By choosing to go online, your publication transcends geographical borders and that seems a really fitting choice, but Lindsay also feels like a printed publication in some respects. For instance, the layout is uncluttered and rather bookish. Why did you choose to go online over print and why have you introduced certain stylised elements of print to your online publication?

Well my background is graphic design, so I naturally have a huge love for print and I would say that’s probably where my heart lies, in print. But when I was thinking about this… there are some really beautiful print publications out there, but their ability to access people all over the world… it’s really hard. Already, I’ve been quite blown away by this, but there has been people from over 60 different countries who have read Lindsay. They might not necessarily be from there, but they’re in that part of the world and to ever be able to do that with print… that would take years and years. And with online you have things like google translate to help language barriers- so really, the drive for it is accessibility.

Hopefully with each piece we publish we can have this large archive, which is way more practical than a printed publication. There is this weird thing with print where it’s like we’re all drawn to it, you know… there’s something so much more special about print than online. But there’s something also slightly more impractical…

Really, the purpose was to try and bring some of those elements together, like the positive elements of each. With being online there’s now search functions, you can go what kind of country am I interested in learning about, what kind of topics am I interested in learning about… and search via those things rather than just getting one edition of the magazine at a time and having to just choose from those pieces. But at the same time, I’m trying to bring together a lot of the things about print that we’re starting to lose with online…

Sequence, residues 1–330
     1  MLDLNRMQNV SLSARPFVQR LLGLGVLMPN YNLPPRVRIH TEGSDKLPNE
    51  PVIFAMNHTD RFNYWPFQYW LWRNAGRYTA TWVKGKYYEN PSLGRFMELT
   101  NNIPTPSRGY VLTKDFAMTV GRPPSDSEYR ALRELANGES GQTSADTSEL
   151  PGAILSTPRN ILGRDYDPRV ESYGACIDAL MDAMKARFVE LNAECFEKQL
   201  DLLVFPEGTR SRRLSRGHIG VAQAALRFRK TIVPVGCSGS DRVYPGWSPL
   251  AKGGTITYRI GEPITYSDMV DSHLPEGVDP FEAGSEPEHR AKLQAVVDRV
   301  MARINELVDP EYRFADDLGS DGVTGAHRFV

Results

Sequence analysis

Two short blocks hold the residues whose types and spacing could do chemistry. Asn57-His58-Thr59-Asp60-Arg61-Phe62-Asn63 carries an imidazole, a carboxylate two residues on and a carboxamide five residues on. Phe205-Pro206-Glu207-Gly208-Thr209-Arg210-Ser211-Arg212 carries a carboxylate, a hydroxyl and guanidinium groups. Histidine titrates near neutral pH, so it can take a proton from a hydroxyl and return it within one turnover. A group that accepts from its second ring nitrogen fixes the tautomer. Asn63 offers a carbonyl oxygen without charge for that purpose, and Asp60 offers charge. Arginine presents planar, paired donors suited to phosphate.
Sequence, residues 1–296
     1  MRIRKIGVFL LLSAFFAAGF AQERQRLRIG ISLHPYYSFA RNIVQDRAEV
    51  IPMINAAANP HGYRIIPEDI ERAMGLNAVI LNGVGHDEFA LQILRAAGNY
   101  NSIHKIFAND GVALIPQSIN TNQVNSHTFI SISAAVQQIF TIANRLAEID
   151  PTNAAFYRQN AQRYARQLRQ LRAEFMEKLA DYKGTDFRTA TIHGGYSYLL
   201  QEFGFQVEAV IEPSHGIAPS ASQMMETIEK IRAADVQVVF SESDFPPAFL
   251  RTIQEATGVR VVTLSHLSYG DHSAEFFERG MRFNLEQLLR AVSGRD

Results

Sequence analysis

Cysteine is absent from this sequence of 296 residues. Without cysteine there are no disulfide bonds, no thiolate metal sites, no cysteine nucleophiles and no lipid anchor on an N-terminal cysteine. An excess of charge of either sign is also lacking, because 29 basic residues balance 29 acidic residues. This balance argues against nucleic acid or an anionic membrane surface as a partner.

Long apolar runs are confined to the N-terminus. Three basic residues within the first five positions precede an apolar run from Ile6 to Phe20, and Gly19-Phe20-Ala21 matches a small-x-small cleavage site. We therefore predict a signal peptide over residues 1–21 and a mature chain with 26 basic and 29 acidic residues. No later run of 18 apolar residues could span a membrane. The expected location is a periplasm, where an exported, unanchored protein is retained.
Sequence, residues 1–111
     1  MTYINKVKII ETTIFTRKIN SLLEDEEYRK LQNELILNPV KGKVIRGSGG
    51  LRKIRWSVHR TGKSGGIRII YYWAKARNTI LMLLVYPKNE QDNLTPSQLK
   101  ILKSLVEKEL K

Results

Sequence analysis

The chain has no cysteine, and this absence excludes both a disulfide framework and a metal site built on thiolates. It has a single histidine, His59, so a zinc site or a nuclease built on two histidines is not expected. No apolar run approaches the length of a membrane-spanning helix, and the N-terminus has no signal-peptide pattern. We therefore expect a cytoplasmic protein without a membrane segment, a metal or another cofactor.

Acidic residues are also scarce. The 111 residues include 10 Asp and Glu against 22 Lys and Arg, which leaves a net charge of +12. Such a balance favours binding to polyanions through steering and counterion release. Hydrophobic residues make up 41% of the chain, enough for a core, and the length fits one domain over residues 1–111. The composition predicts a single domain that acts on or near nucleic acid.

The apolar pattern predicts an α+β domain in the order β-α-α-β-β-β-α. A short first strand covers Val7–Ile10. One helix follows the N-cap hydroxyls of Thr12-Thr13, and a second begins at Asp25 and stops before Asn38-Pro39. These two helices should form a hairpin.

…I guess online can feel slightly disposable. People don’t spend as long on articles in terms of producing them because they’re read quickly and then they’re old news and no one will ever find them again. What I really see, is that Lindsay will be made up of evergreen content, so there’s nothing really we will post that is not relevant two years down the track… For example, the piece we’ve got at the moment on Georgia O’Keeffe-  she’s got a lot of touring exhibitions which is great, but the piece in essence is about her and her relationship with New Mexico and the landscape there. So that’s relevant whether those exhibitions are touring or not ….

The reader’s experience seems to be behind every decision you’ve made for this publication. I saw on Lindsay’s Instagram you were even talking about the typeface you chose for its precise look and feel. How involved has the design process been for you, when did you begin creating Lindsay and what’s the process been like from a-b?